Recent opinion pieces by Nick Jans and Alex Simon and campaign literature of Alaskans for Wildlife on Ballot Measure 2 are inaccurate and deceitful. Predator management programs that now occur on just 9 percent of Alaska's land area are designed either to make more moose available for resident hunters in both rural and urban areas to provide the option for resident Alaskans to harvest wild food from wild lands. None are designed to make more moose available for "outside trophy hunters to hang on their walls."
It is easy for people such as Nick Jans and Alex Simon who live in Juneau to view all predator management programs as extreme. Jans has experience only in Northwest Alaska, which is home to about 400,000 caribou, and in Juneau with the great deer hunting that wolf-free Admiralty Island has to offer. People who live along the Yukon, Koyukuk and Kuskokwim Rivers or along the road system are not so lucky. They must compete for their moose with wolves and bears that kill most calves born each year. Existing predator management programs that rely primarily on public aerial control of wolves have been established by the Board of Game and the Department of Fish and Game as part of a long-term de-facto compromise between various Alaska interest groups.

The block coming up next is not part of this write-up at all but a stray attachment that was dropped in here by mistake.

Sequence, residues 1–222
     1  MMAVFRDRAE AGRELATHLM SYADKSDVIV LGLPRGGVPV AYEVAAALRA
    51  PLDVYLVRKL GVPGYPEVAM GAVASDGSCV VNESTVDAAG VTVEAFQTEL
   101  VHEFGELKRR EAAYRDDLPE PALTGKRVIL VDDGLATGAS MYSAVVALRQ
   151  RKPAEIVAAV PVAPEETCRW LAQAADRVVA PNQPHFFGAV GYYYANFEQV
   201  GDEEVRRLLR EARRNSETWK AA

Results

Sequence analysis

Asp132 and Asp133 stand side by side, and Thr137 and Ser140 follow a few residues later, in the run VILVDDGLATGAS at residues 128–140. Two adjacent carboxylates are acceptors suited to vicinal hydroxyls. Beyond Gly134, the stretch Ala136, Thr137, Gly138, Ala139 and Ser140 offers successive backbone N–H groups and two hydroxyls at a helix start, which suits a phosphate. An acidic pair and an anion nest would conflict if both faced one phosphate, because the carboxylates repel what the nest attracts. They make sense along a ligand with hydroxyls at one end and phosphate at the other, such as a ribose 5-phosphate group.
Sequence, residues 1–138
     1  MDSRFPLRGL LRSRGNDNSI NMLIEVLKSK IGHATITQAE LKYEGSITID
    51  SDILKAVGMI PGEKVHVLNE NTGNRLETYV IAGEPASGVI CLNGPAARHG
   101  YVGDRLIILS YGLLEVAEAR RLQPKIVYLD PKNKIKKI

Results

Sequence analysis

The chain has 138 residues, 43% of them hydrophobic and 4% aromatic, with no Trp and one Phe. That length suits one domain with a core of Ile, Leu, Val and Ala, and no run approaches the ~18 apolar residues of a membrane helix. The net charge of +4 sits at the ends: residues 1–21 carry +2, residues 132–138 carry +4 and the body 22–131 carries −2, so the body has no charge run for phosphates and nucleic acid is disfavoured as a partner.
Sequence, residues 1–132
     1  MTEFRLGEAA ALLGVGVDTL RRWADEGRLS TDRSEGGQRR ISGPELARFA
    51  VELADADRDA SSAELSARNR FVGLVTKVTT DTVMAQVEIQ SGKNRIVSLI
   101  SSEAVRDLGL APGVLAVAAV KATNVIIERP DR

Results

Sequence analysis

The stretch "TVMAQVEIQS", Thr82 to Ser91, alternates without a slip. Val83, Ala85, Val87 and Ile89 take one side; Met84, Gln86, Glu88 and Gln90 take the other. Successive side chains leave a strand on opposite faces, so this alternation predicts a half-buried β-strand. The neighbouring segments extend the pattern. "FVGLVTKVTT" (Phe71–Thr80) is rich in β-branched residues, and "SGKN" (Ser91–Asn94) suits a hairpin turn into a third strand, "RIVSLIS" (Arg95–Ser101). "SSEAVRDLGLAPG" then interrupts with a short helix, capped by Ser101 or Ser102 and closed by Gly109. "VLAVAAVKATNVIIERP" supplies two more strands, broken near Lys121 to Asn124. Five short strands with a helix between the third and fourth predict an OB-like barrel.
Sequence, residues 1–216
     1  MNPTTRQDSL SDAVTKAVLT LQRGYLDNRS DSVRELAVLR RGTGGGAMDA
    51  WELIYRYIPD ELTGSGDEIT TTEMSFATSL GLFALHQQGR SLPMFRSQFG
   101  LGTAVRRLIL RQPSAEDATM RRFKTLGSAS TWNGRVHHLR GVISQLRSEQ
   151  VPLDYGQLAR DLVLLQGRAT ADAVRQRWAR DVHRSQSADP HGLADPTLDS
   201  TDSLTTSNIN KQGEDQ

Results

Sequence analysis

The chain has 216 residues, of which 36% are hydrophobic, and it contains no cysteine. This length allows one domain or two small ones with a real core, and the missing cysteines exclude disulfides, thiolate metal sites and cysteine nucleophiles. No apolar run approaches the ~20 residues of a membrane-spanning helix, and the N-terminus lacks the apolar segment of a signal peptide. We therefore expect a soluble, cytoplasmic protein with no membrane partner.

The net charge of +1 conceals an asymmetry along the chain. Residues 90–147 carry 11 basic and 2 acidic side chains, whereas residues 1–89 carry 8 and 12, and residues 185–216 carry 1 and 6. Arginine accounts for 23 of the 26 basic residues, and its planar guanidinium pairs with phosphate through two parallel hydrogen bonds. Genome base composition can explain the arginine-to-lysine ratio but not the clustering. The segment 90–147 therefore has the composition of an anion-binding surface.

The Department of Fish and Game and the attorney general have determined that Ballot Measure 2 will destroy this compromise by shutting down all existing predator management programs. The reason the Alaska Legislature has been compelled to step in and modify previous similar ballot initiatives on wolf management is because legislators feel compelled to follow the state's constitution to protect, maintain and enhance wildlife resources for the benefit of users and to fairly allocate state resources for their constituents. If Measure 2 passes, the Legislature will be compelled to step in again in two years and try to re-establish the existing compromises on predator management. Having no predator management programs is simply not a viable option.
As intended in the Alaska Constitution, it is much better for the Legislature to allocate resources through the Board of Game process than through emotional Ballot Measures such as Measure 2. The Board of Game process is not perfect and some people will always feel left out, but Alaska's system of wildlife management and resource allocation is a model for rest of the nation.
Recent criticism of the Alaska Outdoor Council by Jans and others has also been inaccurate. AOC does not "receive heavy financial backing from Outside organizations." The AOC generates its own funding from within Alaska and is supported by its 3,000 individual members and the members of about 50 other Alaska outdoor groups. The group's main goals are to maintain outdoor access opportunities for all users of public lands, protect wildlife habitat, support science-based wildlife management and sustainable use of wildlife and fisheries resources. These are goals that a majority of Alaskans clearly support.
Patrick Valkenburg worked as a caribou research and management biologist and research supervisor for the Alaska Department of Fish and Game. He is a member of the board of directors of the Alaska Outdoor Council and lives in Fairbanks.